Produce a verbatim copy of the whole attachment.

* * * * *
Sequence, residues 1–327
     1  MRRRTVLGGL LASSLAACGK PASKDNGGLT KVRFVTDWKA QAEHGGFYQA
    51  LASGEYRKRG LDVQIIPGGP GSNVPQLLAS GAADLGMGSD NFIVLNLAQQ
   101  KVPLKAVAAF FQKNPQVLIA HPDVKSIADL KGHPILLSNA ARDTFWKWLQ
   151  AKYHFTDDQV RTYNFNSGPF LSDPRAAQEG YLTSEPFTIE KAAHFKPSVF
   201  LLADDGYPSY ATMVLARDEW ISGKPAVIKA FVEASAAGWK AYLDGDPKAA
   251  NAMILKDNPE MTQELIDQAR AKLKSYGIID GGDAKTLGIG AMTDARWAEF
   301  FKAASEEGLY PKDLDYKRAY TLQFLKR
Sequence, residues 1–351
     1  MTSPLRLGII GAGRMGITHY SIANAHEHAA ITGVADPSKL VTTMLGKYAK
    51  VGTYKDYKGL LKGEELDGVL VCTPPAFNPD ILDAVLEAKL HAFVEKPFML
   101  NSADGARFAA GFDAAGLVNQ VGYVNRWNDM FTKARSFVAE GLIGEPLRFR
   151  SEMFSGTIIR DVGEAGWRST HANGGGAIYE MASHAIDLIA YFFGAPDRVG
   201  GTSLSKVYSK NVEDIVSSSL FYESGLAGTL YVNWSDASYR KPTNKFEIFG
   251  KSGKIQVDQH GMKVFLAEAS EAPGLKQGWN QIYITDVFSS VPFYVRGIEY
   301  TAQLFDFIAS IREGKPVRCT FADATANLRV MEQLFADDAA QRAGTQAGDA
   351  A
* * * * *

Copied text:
Sequence, residues 1–327
     1  MRRRTVLGGL LASSLAACGK PASKDNGGLT KVRFVTDWKA QAEHGGFYQA
    51  LASGEYRKRG LDVQIIPGGP GSNVPQLLAS GAADLGMGSD NFIVLNLAQQ
   101  KVPLKAVAAF FQKNPQVLIA HPDVKSIADL KGHPILLSNA ARDTFWKWLQ
   151  AKYHFTDDQV RTYNFNSGPF LSDPRAAQEG YLTSEPFTIE KAAHFKPSVF
   201  LLADDGYPSY ATMVLARDEW ISGKPAVIKA FVEASAAGWK AYLDGDPKAA
   251  NAMILKDNPE MTQELIDQAR AKLKSYGIID GGDAKTLGIG AMTDARWAEF
   301  FKAASEEGLY PKDLDYKRAY TLQFLKR
Sequence, residues 1–351
     1  MTSPLRLGII GAGRMGITHY SIANAHEHAA ITGVADPSKL VTTMLGKYAK
    51  VGTYKDYKGL LKGEELDGVL VCTPPAFNPD ILDAVLEAKL HAFVEKPFML
   101  NSADGARFAA GFDAAGLVNQ VGYVNRWNDM FTKARSFVAE GLIGEPLRFR
   151  SEMFSGTIIR DVGEAGWRST HANGGGAIYE MASHAIDLIA YFFGAPDRVG
   201  GTSLSKVYSK NVEDIVSSSL FYESGLAGTL YVNWSDASYR KPTNKFEIFG
   251  KSGKIQVDQH GMKVFLAEAS EAPGLKQGWN QIYITDVFSS VPFYVRGIEY
   301  TAQLFDFIAS IREGKPVRCT FADATANLRV MEQLFADDAA QRAGTQAGDA
   351  A